Multicultural Counseling & Therapy

“Strength lies in differences not in similarities” ~ Stephen Covey

Everyone has a culture.

Through our background, our community, and our individual experiences, we all wonder how the world works and where we fit in.

For many of us, questions of belonging, identity, religion, and culture are at the very center of how we see ourselves or how we think we are perceived by others.

Sometimes this creates issues in our work, relationships, or overall life.

Sometimes you are not sure how it all plays out, and what it means, but you know you are feeling like an “other”. It can be hard to find the balance.

Kim’s story tells us about one person’s experience.

Kim came to see me three years ago. She felt like a fraud at work and in her dating relationships. She also felt like a fraud with her clients. Kim was a social worker.

While Kim was born in the US, she grew up in a Chinese household with her two sisters and brother. Kim was the youngest. Kim was not married, but wanted to be.

Why did Kim feel like such a fraud? As Kim and I began to understand her feelings and go deeply into her upbringing, she began to fully understand how hard it was for her to hold both her Asian culture and her being an American.

Kim felt she was constantly putting on and taking off two different hats. It made her feel like she was pretending – she felt like a fraud.

Kim and I worked together through multicultural counseling to better understand these feelings and help Kim to connect to a place where she could hold both spaces – the parts of her Chinese culture she felt connected with and the parts of her western identity she valued. She learned how to embrace and love both ‘cultures.’ She also accepted that she could choose the values she appreciated within each and not ‘practice’ those values she did not feel were “her”.

When Kim left multicultural counseling, she no longer felt like she was pretending. She was comfortable in her own skin and was able to straddle the East/West dialectics which were a constant source of anxiety for her previously.

Multicultural Counseling for Interracial Couples

There is amazing beauty in interracial and intercultural relationships. You have a chance to grow and learn from someone who might come from a different background and a different perspective of life than you. Being with someone who can offer you unique insight and experiences because of their culture feels new and exciting.

Over time, as the relationship develops, issues come up which you may not have realized at first that stem from your different cultural backgrounds. Some of those can be:

  • values and philosophies around money
  • unfamiliar attitudes or prejudices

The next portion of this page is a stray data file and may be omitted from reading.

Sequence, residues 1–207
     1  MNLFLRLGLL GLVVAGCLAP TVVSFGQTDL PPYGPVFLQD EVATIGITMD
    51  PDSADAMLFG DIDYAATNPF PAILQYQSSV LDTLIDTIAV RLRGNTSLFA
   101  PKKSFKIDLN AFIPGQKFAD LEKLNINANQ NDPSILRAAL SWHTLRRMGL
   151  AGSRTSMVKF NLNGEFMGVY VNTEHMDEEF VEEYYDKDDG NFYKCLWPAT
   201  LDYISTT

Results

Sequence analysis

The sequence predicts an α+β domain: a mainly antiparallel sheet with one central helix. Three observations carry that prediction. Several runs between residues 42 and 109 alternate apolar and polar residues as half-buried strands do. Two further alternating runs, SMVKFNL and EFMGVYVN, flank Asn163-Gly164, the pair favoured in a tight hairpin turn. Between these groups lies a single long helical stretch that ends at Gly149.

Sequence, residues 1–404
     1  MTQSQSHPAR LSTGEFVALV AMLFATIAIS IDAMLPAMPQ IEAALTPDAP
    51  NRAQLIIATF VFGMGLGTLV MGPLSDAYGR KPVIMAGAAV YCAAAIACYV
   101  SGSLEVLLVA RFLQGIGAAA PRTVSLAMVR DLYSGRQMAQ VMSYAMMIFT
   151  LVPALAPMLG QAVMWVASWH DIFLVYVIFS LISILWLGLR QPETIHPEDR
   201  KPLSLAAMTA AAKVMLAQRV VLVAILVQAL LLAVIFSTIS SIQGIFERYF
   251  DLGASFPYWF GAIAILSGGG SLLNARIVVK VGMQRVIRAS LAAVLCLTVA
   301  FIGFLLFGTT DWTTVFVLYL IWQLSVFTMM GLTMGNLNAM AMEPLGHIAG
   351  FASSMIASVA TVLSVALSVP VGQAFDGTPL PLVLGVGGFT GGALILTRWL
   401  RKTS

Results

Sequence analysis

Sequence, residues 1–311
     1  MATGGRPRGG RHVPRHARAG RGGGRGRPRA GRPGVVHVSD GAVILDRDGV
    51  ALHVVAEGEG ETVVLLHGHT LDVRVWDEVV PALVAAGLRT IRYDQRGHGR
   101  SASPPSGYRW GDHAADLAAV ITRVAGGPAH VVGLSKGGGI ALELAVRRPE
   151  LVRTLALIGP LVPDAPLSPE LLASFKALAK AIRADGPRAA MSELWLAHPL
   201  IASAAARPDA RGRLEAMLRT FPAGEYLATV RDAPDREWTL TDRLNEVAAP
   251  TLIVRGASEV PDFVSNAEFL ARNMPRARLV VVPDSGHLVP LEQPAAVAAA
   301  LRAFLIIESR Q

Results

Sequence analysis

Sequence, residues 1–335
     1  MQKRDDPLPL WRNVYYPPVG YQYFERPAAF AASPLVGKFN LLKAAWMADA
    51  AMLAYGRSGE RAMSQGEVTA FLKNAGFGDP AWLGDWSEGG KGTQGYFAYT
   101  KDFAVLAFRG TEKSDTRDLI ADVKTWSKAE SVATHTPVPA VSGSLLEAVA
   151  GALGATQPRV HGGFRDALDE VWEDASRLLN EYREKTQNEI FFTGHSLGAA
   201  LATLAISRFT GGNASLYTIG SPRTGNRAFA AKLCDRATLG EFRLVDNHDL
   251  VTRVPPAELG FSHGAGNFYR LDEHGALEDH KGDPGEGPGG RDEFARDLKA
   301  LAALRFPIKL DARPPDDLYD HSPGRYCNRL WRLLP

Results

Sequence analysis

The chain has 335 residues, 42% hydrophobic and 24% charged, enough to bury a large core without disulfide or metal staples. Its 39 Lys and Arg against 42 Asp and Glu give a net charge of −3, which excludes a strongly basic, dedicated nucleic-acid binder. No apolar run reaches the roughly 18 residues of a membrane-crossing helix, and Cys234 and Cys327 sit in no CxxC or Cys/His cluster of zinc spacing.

• parenting and children’s discipline
  • gender roles, sex and spirituality differences
  • relationship and approach with family

Or maybe this list doesn’t quite capture it. You can’t put your finger on it, but you know you just are not seeing things eye to eye.

James and Arya’s story tells us about one couple’s experience.

James and Arya came to me about three years into their marriage. They recently had a baby. James was a successful NY Wall Street Banker who grew up on the Upper West side. Arya came from Norway. Her mother was Norwegian and her father Caribbean.

The couple was struggling with parenting styles and frustrations around priorities for their baby and their relationship. Arya felt James was controlling and regimented. She felt he dictated every detail about caring for their baby. She felt they no longer took time out for themselves.

James felt Arya was being too laid back and not attentive enough. He struggled with balancing his stressful job and being a parent, and had no “time” to pay attention to the relationship.

Before the baby was born, they would travel, dine out and enjoy cultural events.

Determined to find a way, but unable to get there without some help, they decided on couples’ multicultural counseling. Through their journey, we discovered how much James’s and Arya’s respective upbringing and the relationship each had with their own parents had an impact on what each believed was the right way to care for their baby.

James’s mom stayed at home, and his dad had been in the military. Discipline and schedules were very strictly enforced. Working in banking also required James to be extremely regimented.

Arya grew up in a laid back, multicultural household where she often travelled with her parents and learned to “go with the flow.” To this day, her parents continue to find ways to keep their relationship interesting and often display their affection to each other.

An understanding of these key aspects of each other’s history was the first step for James and Arya to work on finding the healthy parenting approach in their new family. They also did the work, various exercises created for them and emotionally focused techniques to better connect with each other.

James and Arya have now grown their family to four and continue to enjoy their relationship, but also have the tools they need should issues arise!

If you find yourself in a similar relationship, don’t hesitate to contact me for help navigating your multicultural dynamic.

To learn more about Opening the Doors and the services we offer, please connect with us on Facebook and explore our website. 


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